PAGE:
The breed we know today as the Great Pyrenees developed in France as early as the 15th century and in that country is known as Le Grande Chien des Montagnes or Le Chien des Pyrenees. The origin of the Great Pyrenees breed reveals that it likely evolved in relative isolation in the Pyrenees mountains and has been used to guard the flocks and to serve as companions for the shepherds for many hundreds of years.

They carry themselves with elegance and dignity and although they are large they’re love for affection makes them think of themselves as lap dogs.

Basset Artesien Normand

The Basset Artesien Normand is a brave, sociable, friendly, gentle dog, with a strong sense of smell. It is attached to its master, to the family and children. It doesn’t have problems with other dogs, because these dogs are usually raised in groups. If socialized with other household animals from an early age, there won’t be any problems. Strangers are only barked at. It has the tendency to wander off on its own, especially if it catches the scent of potential game.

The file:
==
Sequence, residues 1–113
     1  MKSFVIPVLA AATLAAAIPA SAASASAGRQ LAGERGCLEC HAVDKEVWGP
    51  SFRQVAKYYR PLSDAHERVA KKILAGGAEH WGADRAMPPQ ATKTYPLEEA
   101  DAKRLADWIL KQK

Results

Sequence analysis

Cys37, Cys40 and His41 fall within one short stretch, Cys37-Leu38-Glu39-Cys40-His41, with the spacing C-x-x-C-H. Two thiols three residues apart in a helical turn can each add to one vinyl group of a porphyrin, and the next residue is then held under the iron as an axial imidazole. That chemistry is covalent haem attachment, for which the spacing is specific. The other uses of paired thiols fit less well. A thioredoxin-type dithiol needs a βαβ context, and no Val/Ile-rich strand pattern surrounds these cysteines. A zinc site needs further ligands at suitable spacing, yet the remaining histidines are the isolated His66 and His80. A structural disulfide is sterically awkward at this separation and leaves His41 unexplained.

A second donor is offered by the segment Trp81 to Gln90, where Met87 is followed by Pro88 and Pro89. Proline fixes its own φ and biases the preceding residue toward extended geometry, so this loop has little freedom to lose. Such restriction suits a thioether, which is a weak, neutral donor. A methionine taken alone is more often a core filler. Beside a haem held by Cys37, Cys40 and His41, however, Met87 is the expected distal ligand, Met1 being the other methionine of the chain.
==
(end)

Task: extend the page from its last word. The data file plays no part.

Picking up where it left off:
The Basset Artesian Normand looks very much like a Basset Hound but is lighter in weight. It is one of the six recognized French Basset breeds. Originating in Artois and Normandy, it dates back to the 1600s. Bassets are dwarfed, full-sized hounds, retaining the body lengths of their forebears, but with enlarged heads, shortened long bones, and larger joints. Their short stature allows hunters to follow them easily on foot. By the turn of the 20th century, the Basset Artesian Normand was developing into two distinct lines, straight-legged hunters and crocked-legged, droopy-eared companion and show dogs.

Miniature Poodle

The Miniature French Poodle, Barbone, Caniche, or Pudle  is an intelligent, jolly, playful, sensitive and is eager to learn. It is obedient and devoted to its master. It gets along with children but is cautious and watchful with strangers. It also gets along well with other dogs and other animals, especially if it was socialized from an early age.